[Clayart] school glaze
woofpots at hotmail.com
Mon Jan 4 20:17:05 EST 2016
Folks cut out and paste mel's post and the great glaze post Snail wrote last week, call Ron and keep it simple. KISS, KISS! for beginning students, any thing more only massages the instructor's ego and keeps the student in frustrated ignorance.
David Woof...... Da'void of any more to say!
> Date: Mon, 4 Jan 2016 12:55:50 -0600
> To: clayart at lists.clayartworld.com
> Subject: [Clayart] school glaze
> From: clayart at lists.clayartworld.com
> CC: melpots2 at visi.com
> THIS IS LOGICAL.
> i have a suggestion. test a series of glazes and find a cone 6
> that is durable, does not run and has a nice surface.
> then: make a large batch, like 40 gallons and use
> it with different colors taken off into 5 gallon pails.
> buy ron's book, have him pick out a good standard glaze for you.
> with new people you do not want a bunch of different glazes.
> just one base glaze.
> then deal it out to them...one whitish, one soft blue green, and one
> brown. keep changing the color. don't let them ask for pink, or
> cherry red...you provide the learning curve. this is never about
> product. it is learning. in fact a white and dark brown would be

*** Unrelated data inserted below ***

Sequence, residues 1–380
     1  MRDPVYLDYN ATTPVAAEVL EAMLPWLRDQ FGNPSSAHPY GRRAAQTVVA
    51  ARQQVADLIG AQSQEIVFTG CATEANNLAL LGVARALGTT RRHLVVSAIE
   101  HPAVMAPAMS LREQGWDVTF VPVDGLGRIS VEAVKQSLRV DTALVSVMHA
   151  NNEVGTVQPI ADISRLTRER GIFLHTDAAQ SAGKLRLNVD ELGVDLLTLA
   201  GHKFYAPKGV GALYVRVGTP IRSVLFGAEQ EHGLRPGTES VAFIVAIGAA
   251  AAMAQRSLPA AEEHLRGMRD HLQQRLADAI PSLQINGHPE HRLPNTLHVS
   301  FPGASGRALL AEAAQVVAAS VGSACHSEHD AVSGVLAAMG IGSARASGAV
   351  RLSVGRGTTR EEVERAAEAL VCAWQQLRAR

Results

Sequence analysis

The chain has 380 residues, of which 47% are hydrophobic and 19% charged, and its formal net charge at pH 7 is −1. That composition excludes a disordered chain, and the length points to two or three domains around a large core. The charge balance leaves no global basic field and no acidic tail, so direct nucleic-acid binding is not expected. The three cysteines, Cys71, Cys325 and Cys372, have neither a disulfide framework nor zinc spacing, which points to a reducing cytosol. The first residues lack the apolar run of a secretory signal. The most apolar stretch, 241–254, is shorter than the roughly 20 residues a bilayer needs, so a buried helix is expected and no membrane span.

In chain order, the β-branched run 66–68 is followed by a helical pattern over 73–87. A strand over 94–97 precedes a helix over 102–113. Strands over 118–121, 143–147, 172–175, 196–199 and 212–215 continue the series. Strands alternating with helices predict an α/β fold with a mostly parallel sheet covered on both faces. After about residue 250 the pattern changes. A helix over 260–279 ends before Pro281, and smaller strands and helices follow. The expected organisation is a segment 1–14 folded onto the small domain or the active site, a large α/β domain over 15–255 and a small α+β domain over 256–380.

> just perfect. choice one, or two. or combine.
> i have never figured out why teachers of clay think they have
> to serve up a full meal/18 course glaze pallet. your clients are
> starving for knowledge. give them oatmeal. then, as they
> learn, they can move those glazes into some special colors.
> keep them driving the tricycle not a mercedes. they earn
> the car.
> ps, this advice is perfect for many of you. you are just learning.
> don't confuse the brain. one base glaze and make it into magic.
> after a couple of years you will be deemed...MFA `mighty fine amateur.`
> then move on with confidence. who knows were it will end.
> from: minnetonka, mn
> new book: http://www.21stcenturykilns.com
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